By Therese Pawlowski
Other than those gritty winters and the greatest hotdogs known to humankind, Presque Isle State Park is Erie's best asset. From teens playing volleyball on Beach 6 to that older couple who walks the trails every morning, everyone loves the peninsula.
Everyone, that is, except a group of determined weeds known as invasive species, who hack at its natural beauty. Invasive species are enemies to natural plants who feed an ecosystem of animals, microorganisms, and plants.
But a group of determined volunteers have enlisted to drive away the enemy weeds.
They call themselves the "Weed Warriors" and are led by Matt Pluta, a graduate of the Penn State Behrend School of Science, who started the program when at Pennsylvania Sea Grant.
Pluta has been invested in the peninsula since his days as a lifeguard in high school. After learning about invasive species in college, he jumped at the opportunity to coordinate a grant-sponsored program to use volunteers to eradicate invasive species.
If left alone, these species would take over Presque Isle, destroying its organic plant-life, and leaving its many animal species without food and habitat. For example,
Phragmites australis, typically known as common reed, is a tall perennial grass that grows in large groups on the peninsula, blocking sunlight from getting to lower, native plants.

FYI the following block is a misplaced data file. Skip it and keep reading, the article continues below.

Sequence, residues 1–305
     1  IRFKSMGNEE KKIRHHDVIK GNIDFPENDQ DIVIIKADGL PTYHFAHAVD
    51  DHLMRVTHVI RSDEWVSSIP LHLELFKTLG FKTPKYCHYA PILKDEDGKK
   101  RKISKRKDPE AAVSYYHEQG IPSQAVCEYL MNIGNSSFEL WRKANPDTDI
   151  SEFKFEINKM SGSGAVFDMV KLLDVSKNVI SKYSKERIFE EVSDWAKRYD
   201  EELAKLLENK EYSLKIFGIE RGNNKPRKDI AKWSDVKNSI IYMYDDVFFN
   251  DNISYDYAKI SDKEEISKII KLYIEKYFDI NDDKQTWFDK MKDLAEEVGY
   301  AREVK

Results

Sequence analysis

The numerous types of invasive species, including common reed, have no natural enemies, because they're introduced to the peninsula from elsewhere. This means nothing will keep them from becoming top dog.
Pluta said the species were brought to Presque Isle in a number of ways. In the 1800s', people planted them for the way they looked, and birds spread them to the peninsula.
He said if work is not continued to eradicate these species, Presque Isle could go from 100s of types of plant species to a monoculture. Pluta said diversity is key to the peninsula's intricate ecosystem. Different plants provide different animals with food. For example, Pluta said Presque Isle draws birds found nowhere else in the area that stop at the peninsula for rest during their migration. Without the habitat they desire, they won't stop.
Pluta said anyone who loves Presque Isle should be interested in helping eradicate the "polluting" species. Already, more than 600 people have volunteered for the program since its inception at the beginning of this year. And they want you to join them.
On a typical day, volunteers might arrive at the peninsula around 9:30 a.m. First, they are shown what an affected area looks like. These areas tend to be so overgrown with invasive species that the floor of the forest can't be seen. In some areas, it's impossible to walk through the woods due to the overgrowth.
Pluta provides all necessary equipment, including gloves, tools, bugspray and sunscreen. Volunteers – led by trained "stewards" – break into groups and concentrate on getting rid of one type of invasive species. The number of plants collected depends on how much work is required to pull the plants, and if they are very concentrated or widespread in the area. Pluta said volunteers collected over 200 bags of Alliaria Petiolata, commonly known as garlic mustard.